Akira Isogawa Q&A
Akira Isogawa is one of Australia’s favourite designers and has contributed to a beautiful insider’s guidebook to Japan. Here he shares his favourite places to eat drink and experience the real Japan.
1. What do you look forward to most about visiting Japan?
I never miss an chance to go to Japan – the food is the best in the world, the art as unique as it is inspiring, and the fashion is, of course, unsurpassed by much else.
2. Where would you recommend a visitor go to lose themselves in the ‘real’ Japan?
Whatever you do, follow what the Japanese do. Public baths are a huge part of the Japanese culture and I love using the massage machines when I am there.
3. Could you describe your ultimate day in Tokyo?
Shopping! Tokyo has some of the best shopping in the world so I always try to go there when I visit Japan. The Tokyo neighbourhood of Harajuku is famous for its youth culture. The young Japanese express themselves in a quirky and original way by using a combination of designer brands and vintage clothing. In this area is Togo Shinto shrine, which has a flea market on weekends where you can pick up antique wares such as kimonos, art and books.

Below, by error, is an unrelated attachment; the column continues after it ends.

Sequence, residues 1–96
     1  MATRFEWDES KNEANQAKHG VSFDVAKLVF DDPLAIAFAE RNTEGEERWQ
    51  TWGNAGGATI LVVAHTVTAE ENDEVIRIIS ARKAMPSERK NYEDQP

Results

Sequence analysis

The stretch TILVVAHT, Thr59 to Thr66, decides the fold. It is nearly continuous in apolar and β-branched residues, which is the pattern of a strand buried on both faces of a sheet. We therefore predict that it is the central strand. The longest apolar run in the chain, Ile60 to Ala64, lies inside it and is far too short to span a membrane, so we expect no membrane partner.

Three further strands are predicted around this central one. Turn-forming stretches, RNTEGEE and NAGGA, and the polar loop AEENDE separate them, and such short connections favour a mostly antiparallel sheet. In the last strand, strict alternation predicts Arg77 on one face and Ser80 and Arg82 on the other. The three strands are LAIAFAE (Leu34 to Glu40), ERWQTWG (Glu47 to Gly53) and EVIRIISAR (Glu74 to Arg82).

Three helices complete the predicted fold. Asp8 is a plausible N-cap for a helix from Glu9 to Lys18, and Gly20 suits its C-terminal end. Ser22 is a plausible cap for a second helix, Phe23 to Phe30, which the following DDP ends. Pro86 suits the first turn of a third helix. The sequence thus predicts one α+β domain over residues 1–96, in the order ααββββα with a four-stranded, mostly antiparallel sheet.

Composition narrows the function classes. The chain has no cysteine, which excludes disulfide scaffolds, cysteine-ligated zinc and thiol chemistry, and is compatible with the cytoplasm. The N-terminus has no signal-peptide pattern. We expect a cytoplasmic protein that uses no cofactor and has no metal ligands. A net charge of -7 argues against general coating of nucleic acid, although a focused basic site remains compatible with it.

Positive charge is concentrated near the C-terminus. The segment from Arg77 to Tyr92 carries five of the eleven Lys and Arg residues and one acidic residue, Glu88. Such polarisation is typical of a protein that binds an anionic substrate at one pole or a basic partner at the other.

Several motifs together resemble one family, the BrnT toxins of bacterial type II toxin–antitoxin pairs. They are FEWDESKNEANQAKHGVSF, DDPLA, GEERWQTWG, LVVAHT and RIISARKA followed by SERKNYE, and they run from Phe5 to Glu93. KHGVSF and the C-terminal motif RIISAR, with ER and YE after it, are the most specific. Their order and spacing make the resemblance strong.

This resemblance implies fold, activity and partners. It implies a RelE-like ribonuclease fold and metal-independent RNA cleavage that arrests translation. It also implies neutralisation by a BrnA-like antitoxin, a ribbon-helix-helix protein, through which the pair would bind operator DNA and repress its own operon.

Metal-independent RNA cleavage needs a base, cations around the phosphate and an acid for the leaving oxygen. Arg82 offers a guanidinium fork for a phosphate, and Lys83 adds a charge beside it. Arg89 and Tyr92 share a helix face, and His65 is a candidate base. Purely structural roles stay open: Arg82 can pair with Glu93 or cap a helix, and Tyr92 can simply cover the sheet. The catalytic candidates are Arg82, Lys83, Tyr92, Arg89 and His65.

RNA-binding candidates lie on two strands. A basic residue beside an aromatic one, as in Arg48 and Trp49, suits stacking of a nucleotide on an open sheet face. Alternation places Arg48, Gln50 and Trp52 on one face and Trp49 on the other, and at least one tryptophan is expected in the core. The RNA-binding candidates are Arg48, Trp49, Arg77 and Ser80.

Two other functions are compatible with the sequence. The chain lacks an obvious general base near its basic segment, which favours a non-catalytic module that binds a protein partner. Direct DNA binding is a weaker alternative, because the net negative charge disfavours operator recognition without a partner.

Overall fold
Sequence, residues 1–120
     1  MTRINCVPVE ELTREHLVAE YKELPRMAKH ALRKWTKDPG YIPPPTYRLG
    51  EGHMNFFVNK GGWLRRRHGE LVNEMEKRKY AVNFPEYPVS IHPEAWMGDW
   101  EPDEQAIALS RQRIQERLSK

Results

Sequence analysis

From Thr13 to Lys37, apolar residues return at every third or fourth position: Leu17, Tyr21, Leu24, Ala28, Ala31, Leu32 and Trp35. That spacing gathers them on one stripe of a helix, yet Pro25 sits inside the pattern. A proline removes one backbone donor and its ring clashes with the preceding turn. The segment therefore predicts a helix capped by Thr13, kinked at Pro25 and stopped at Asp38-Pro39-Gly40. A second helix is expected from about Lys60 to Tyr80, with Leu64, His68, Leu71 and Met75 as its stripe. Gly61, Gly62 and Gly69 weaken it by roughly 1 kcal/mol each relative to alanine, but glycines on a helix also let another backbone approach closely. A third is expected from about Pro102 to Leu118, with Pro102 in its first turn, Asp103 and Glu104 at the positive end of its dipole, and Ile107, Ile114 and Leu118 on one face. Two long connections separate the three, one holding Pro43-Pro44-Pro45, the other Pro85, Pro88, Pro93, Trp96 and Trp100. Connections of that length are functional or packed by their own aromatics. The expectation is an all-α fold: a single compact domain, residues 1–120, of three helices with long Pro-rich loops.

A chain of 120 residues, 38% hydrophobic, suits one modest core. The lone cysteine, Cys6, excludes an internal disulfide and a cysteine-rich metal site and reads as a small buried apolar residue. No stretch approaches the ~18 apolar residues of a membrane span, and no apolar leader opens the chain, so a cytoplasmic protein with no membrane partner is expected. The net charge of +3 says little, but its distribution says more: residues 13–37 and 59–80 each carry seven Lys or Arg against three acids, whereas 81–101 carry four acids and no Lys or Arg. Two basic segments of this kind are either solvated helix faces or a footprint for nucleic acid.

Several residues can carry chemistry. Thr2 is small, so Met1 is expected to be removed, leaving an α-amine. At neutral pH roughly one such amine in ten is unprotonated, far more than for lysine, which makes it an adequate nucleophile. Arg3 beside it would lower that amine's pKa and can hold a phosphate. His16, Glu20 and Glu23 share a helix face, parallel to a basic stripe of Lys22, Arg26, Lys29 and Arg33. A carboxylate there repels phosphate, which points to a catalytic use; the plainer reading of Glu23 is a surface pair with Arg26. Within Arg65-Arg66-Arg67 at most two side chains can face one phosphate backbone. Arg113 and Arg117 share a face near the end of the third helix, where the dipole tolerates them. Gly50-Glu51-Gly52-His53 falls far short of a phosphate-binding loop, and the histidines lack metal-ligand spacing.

At Aoyama [an adjacent suburb] you can find the flagship stores of local designer brands like Yohji Yamamoto, Comme des Garcons and younger designers like Undercover.
To finish my perfect day, I would eat at one of Tokyo’s robatayaki for tapas-style local food and sake. This type of restaurant is orientated towards meeting colleagues and friends where four to six dishes can be shared.
4. Which Japanese designers should we look out for on a visit to Japan?
I love local Japanese designer brands, like Yohji Yamamoto, Comme des Garcons. I am also a big fan of Undercover, an exciting Japanese street wear label designed by Jun Takahashi. Undercover creates some of the most interesting but beautiful designs – it’s the essence of cool, Japanese urban style.
5. What are some unique gifts to bring back from Japan?
Visit the flea markets in Japan to find beautiful vintage textiles and fabrics, pottery and other traditional Japanese crafts. Everything is made by hand. The flea markets are the perfect place to find a unique souvenir – and often where I find inspiration for my collections.
Pick up Hidden Hotspots: An Insider’s Guide to Japan at Akira boutiques, Blancharu Restaurant in Sydney and the Dianne Tanzer Gallery.